Monday, March 2, 2015

Toy Fair 2015: Get Ready for Revell!

We are happy to welcome back guest blogger Yehuda Kleinman, who recently paid a visit to Toy Fair in New York and is here to bring you the scoop.

Revell Model Kit Store Display Mock-Up

Yehuda writes:

Star Wars and New York City's annual Toy Fair event share a long and fabled history going back to the earliest days of the franchise's mythos.

The main purpose of Toy Fair has always been to afford toy manufacturers the opportunity to introduce their new lines to perspective vendors and the press. Toy Fair has seen the introduction of nearly every Star Wars toy ever produced including legendary toys like the ultimately un-produced rocket-firing Boba Fett all the way to the new Star Wars Rebels cartoon lines. 2015 is of course a special year for Star Wars and its loyal followers both old and new with the year-end release of Star Wars Episode VII: The Force Awakens.

The announcement of any new Star Wars film always brings added excitement and curiosity to Toy Fair. Often the first glimpses of new characters and future iconic toys happen at events like this, and this year will bring many new characters and for the first time in over 30 years the return of the original cast! Even though the new steward of the franchise, Disney, had remained tight lipped about details of the upcoming film until this point, this was New York Toy Fair and this could be the venue where Disney decided to let some information leak.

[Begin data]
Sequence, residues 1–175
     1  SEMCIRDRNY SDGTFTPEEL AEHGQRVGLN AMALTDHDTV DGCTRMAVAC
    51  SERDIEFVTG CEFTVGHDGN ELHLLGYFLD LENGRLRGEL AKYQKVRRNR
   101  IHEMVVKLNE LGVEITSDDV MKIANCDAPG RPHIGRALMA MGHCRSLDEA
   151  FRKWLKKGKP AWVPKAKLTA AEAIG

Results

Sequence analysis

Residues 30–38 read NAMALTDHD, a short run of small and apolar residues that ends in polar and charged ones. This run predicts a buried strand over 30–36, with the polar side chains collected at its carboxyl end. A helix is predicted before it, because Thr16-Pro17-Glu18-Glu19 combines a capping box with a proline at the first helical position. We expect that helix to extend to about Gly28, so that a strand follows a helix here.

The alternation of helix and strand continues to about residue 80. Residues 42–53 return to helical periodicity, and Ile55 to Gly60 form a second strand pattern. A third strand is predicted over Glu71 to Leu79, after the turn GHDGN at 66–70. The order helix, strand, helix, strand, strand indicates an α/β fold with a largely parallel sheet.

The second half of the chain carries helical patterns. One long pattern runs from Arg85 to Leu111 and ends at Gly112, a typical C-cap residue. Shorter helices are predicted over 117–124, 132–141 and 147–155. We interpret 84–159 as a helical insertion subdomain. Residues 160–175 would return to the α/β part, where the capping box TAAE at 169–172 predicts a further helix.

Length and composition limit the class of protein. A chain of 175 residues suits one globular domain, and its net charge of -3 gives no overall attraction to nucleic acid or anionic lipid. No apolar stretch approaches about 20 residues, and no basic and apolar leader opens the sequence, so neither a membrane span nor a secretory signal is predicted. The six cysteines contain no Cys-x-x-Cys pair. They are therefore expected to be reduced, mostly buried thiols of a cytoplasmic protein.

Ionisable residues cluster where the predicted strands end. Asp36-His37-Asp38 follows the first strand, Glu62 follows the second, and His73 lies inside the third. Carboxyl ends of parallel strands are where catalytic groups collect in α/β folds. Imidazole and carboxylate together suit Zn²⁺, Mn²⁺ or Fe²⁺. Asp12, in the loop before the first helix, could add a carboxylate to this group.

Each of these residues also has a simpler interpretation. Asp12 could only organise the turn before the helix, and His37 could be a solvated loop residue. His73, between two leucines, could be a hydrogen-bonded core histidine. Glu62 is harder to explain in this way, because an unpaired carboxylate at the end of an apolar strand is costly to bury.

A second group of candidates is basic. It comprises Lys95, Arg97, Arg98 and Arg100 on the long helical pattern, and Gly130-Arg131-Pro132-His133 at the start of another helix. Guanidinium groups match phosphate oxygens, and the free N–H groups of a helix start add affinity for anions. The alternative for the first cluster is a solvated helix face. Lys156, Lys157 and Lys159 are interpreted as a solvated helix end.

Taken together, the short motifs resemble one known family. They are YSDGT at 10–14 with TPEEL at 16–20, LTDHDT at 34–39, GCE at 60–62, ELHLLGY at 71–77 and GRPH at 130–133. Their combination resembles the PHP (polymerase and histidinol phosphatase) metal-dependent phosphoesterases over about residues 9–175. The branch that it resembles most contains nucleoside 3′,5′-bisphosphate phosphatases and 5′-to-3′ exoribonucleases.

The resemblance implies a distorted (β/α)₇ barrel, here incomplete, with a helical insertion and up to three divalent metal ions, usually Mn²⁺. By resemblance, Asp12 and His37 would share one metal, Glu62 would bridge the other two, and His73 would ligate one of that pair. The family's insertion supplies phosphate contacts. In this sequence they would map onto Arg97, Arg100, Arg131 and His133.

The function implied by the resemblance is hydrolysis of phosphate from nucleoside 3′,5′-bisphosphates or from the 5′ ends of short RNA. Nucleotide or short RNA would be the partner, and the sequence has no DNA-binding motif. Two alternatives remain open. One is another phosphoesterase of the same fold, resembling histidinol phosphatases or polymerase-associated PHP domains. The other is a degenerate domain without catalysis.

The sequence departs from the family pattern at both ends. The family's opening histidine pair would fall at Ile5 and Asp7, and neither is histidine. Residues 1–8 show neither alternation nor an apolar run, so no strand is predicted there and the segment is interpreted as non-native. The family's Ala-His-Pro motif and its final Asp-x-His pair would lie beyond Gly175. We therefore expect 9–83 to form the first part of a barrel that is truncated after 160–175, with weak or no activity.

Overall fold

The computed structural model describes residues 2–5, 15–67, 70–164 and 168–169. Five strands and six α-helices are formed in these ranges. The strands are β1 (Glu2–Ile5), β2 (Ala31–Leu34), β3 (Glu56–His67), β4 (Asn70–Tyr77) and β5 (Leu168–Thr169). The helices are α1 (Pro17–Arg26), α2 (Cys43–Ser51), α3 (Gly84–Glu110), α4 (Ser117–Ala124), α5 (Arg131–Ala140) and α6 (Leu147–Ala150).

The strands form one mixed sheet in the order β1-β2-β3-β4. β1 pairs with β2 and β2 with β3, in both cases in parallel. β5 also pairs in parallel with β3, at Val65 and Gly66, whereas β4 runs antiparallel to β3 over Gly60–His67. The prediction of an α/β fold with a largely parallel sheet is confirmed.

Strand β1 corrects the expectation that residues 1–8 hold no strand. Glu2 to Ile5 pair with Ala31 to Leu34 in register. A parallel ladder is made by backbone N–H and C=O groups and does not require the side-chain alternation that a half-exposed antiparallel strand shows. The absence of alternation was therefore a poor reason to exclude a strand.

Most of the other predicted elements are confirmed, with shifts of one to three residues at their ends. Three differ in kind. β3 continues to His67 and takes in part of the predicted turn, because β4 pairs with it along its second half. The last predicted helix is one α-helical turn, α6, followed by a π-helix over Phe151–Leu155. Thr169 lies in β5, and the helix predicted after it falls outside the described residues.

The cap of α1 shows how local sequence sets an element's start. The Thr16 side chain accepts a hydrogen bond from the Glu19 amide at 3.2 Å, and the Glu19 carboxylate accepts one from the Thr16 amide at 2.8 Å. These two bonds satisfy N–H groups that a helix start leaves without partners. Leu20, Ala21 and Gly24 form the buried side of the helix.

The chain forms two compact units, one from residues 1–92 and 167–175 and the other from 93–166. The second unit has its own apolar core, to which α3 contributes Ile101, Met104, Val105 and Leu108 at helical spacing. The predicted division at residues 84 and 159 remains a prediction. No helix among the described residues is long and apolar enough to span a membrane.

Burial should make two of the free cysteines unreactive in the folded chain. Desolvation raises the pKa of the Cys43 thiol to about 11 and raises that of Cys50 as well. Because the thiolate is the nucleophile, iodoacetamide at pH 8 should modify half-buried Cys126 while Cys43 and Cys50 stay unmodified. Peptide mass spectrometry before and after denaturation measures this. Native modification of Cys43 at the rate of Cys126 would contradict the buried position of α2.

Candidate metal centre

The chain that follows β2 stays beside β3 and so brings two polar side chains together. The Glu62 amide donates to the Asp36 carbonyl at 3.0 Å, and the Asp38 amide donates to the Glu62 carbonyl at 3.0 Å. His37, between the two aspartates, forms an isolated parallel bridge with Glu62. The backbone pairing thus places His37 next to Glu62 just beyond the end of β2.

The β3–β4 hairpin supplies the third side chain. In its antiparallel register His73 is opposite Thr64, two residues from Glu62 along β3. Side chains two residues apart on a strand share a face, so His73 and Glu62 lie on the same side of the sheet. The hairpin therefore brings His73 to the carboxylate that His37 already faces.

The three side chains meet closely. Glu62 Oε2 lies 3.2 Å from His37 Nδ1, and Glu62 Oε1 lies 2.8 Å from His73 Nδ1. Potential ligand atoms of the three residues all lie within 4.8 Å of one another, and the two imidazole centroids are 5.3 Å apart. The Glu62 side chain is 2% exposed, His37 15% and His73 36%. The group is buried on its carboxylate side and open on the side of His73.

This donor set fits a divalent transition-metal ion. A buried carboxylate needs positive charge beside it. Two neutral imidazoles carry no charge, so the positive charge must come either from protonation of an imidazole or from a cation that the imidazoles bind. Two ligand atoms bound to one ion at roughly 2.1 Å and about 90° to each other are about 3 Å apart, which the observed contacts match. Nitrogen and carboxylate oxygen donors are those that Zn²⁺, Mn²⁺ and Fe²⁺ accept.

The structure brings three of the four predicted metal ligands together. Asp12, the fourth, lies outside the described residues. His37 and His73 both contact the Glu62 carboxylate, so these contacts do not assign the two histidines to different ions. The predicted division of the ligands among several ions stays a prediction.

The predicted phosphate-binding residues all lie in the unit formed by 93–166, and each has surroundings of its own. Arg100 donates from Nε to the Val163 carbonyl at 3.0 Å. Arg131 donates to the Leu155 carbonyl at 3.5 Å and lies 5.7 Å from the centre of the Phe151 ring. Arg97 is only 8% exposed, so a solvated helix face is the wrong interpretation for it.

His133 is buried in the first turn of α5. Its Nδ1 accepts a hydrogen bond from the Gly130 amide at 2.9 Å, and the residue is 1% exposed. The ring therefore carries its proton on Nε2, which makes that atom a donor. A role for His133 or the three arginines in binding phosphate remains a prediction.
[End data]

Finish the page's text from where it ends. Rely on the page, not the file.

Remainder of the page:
As I entered Toy Fair, it became immediately clear that Disney wasn't going to give up any secrets willingly yet. The only information that toy licensees were allowed to publicly show for the upcoming film where the logo and the new title The Force Awakens to show that they had obtained a license to produce merchandise for the film.

Still, there were four days and hundreds of vendors to cover and plenty of Star Wars to see (or not to see) and a lot of fun work to be done.

Although I knew I would cover the entire show, there were certain companies that would require a more in depth look because of their Star Wars focus. The more obvious toymakers in this group were Hasbro and LEGO, so I started there.

LEGO Product Display
Both toymakers focused on expansions of existing Star Wars lines without a creating any buzz about the upcoming new films, other than a sign or a wink that everything everyone expects is coming.